5. The federal government’s attempt to confine the Indians to certain areas through formal treaties in the late 1800 was largely ineffective because
A. the nomadic Plains Indians largely rejected the idea of formal authority and defined territory.
B. Congress refused to ratify treaties signed with Indians.
C. the treaties made no provisions for enforcement.
D. the largest tribe, the Sioux, refused to sign any treaties with whites.
E. Indians preferred to move to Indian Territory, otherwise known as Oklahoma.

6. Indian resistance in the late 19th century was finally subdued because
A. most of the effective Indians leadership was bought off.
B. the growth of the railroads destroyed the buffalo and therefore the Indians’ way of life.
C. most Indians lost the will to resist after the Sand Creek Massacre.
D. the army developed effective techniques of guerilla warfare.
E. the frontier was declared officially closed in the 1890 census.

7. The Populist movement hoped to
A. aid unions in their struggles with management.
B. limit the number of states allowing women’s suffrage.
C. gain greater restrictions on immigration.
D. convince the federal government to allow the free coinage of silver.
E. unite industrialists and middle class farmers against unskilled workers.

8. Which immigrant group was the first one officially banned from entering the U.S. by an Act of Congress?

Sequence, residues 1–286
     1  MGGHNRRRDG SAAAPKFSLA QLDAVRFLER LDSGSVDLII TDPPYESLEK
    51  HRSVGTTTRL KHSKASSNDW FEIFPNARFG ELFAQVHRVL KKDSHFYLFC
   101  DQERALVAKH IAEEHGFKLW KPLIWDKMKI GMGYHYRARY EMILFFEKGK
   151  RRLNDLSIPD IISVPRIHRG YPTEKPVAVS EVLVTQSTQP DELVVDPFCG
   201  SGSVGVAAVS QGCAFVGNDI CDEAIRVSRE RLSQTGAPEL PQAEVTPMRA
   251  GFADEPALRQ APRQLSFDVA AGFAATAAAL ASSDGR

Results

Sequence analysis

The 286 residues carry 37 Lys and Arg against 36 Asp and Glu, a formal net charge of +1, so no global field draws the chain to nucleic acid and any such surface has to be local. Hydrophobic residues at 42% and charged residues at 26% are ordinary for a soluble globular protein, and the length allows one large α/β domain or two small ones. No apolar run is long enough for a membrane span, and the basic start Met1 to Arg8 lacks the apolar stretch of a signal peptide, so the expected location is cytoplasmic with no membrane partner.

A. Irish
B. Armenians
C. Japanese
D. Chinese
E. Italians

An overview of Indian Treaty History in the Pcific Northwest

Go to this link and read the article on how centuries-old treaties with Indian nations still have ramifications today. Read paragraphs 1-17.

This assignment is worth extra credit.

Answer the following questions by Tuesday, January 16:
1. What was the original understanding on the part of the government regarding treaties?
2. What did the treaty-makers of the late 19th century expect to happen that would make treaties unnecessary? How did the government attempt to encourage this to happen?
3. How did the oral tradition (make sure you know what that means) in most tribes complicate treaty matters? Use the following quote in your response:
“A treaty, in the minds of our people, is an eternal word.”
4. What did Senator Hemry Dawes– author of the Dawes Act– say was the fundamental flaw in Indian culture which kept them from progressing? What did he mean?
5. What is the “supercitizenship” argument?
6. Explain, in 3-5 sentences including examples, why treaties and Indian-US relations can appear contradictory (see paragraph 17).